The healthcare system in the United States is pretty complicated, no doubt about it. And with such a complicated system, there are always people trying to find ways around high medical costs. Medicare fraud is one of those ways that people try to scam the system. But just what is Medicare fraud? Let’s take a deeper look to see how it has become the most profitable healthcare crime in the US.
Medicare is the American national health insurance program that provides insurance to the elderly population and occasionally younger people with disabilities. It is administered by the Centers for Medicare and Medicaid Services according to the determinations of the Social Security Administration. There are currently about 60 million people in the United States that receive Medicare. Generally speaking, Medicare often covers up to 50% of the patient’s healthcare costs. The remainder of the costs are often covered by optional private insurance.
Medicare fraud, at its most basic, is the attempt to receive monetary reimbursement from the Medicare program that the patient is not legally entitled to. There are a few different ways that Medicare fraud is enacted. Usually, Medicare fraud involves either doctors or beneficiaries attempting to receive excess or undeserved payment from the program. There are three main types of fraud:
- Phantom Billing
Phantom billing is when the medical provider bills Medicare for “phantom” medical procedures or items. In other words, the provider bills the program for medical procedures that never were performed, for medical tests never completed, for unneeded medical equipment or devices, or for equipment that is billed as new when it is actually used. In essence, Medicare is being billed for services that were not rendered.
- Patient Billing
Similar to the phantom billing, patient billing occurs when the patient is helping out the medical provider by giving them their Medicare number. This is usually done in exchange for monetary rewards for the patient, based on how much the provider is able to get from Medicare. If asked, the patient tells the Medicare program that they indeed did receive the procedures, equipment, or tests according to the billing.
- Upcoding Scheme and Unbundling
When a patient does actually need services like surgery, a medical provider may bill Medicare as if more expensive procedures were completed. Unless the patient checks the details of the statement or is familiar with billing codes and medical language, they may not realize that the bill is inflated. Thus, the facility will receive a larger reimbursement from Medicare.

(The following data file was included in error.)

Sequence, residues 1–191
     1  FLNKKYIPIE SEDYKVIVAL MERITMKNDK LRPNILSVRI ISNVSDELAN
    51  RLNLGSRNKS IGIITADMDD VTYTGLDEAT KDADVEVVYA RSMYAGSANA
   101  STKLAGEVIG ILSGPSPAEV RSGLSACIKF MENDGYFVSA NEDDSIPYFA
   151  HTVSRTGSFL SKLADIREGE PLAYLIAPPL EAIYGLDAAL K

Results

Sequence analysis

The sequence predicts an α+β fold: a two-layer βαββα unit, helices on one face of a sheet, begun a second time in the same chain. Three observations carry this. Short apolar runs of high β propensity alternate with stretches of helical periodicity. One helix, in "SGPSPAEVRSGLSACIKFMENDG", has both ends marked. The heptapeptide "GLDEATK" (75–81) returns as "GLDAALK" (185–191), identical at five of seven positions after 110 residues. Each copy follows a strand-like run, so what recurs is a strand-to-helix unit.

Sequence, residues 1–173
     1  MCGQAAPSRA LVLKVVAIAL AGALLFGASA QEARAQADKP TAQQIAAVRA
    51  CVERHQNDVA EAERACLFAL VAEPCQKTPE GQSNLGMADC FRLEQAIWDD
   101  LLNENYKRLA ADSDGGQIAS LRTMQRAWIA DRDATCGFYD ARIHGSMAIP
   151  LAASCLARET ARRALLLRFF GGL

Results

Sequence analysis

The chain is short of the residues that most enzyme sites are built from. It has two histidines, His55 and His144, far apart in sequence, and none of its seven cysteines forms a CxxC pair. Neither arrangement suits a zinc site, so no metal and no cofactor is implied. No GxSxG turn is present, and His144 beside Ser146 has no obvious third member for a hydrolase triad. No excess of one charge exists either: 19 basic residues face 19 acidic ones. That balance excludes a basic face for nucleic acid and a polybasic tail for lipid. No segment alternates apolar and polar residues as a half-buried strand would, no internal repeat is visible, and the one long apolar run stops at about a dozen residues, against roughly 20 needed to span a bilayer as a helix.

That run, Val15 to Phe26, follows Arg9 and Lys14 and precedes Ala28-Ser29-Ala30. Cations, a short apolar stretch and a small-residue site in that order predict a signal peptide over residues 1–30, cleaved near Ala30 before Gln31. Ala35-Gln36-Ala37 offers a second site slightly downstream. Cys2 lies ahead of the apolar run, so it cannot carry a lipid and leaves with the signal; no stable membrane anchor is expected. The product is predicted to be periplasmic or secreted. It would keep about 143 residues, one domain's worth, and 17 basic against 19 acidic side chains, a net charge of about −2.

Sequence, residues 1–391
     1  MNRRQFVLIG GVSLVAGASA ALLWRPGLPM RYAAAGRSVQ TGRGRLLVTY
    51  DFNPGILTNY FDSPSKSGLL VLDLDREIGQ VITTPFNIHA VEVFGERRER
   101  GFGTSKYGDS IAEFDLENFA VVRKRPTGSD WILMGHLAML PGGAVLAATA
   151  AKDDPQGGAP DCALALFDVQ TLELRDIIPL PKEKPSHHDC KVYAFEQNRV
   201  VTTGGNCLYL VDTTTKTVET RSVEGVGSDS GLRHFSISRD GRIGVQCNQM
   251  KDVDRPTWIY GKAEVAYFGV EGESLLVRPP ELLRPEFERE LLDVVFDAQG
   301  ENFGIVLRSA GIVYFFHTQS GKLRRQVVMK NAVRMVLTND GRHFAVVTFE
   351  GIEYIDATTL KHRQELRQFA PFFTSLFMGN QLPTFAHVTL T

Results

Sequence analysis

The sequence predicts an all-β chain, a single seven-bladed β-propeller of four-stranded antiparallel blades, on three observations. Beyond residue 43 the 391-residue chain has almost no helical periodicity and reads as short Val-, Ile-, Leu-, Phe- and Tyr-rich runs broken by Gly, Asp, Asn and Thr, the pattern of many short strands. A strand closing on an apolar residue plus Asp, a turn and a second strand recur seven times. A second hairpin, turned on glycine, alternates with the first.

- Other Fraudulent Activity
The above are just the three main types of Medicare fraud, but here are a few other things to look out for that constitute fraud:
- Someone besides the Medicare cardholder uses that card to claim products, services, or reimbursements. In other words, don’t let anyone else use your Medicare card!
- The cardholder requests unnecessary medication, services, or products, whether for himself or for another person.
- A provider offers “free” consultations for Medicare patients, then uses their private information to bill Medicare.
- Offering free medical equipment or devices in exchange for a patient’s Medicare number.
- Offering gifts to incentivize potential Medicare patients to use a provider’s services.
- A provider tells a patient that the more tests are run, the less the patient will pay out of pocket.
The Cost of Medicare Fraud
Unfortunately, Medicare fraud is one of the most costly scams occurring today. Let’s take a look at a few cases that resulted in extremely high costs.
- In 2010, a group of Armenian gangsters committed a massive Medicare fraud scheme that created $160 million in fake billings. They created 118 “phantom” clinics that used the stolen identities of doctors and patients to create fake billings to Medicare. The case included over 70 defendants in on the scheme. In the end, they had received over $35 million in stolen taxpayer dollars.
- In another case, nine hospitals were charged with fraudulent billing to the tune of $9.4 million. The billing included unnecessary overnight stays for what were typically outpatient procedures.
Eight nurses worked together to commit a scam in Florida, forging patient files. They said that these patients needed home health care services; these services were neither required nor received by the patients. The cost of this scam was $18.7 million.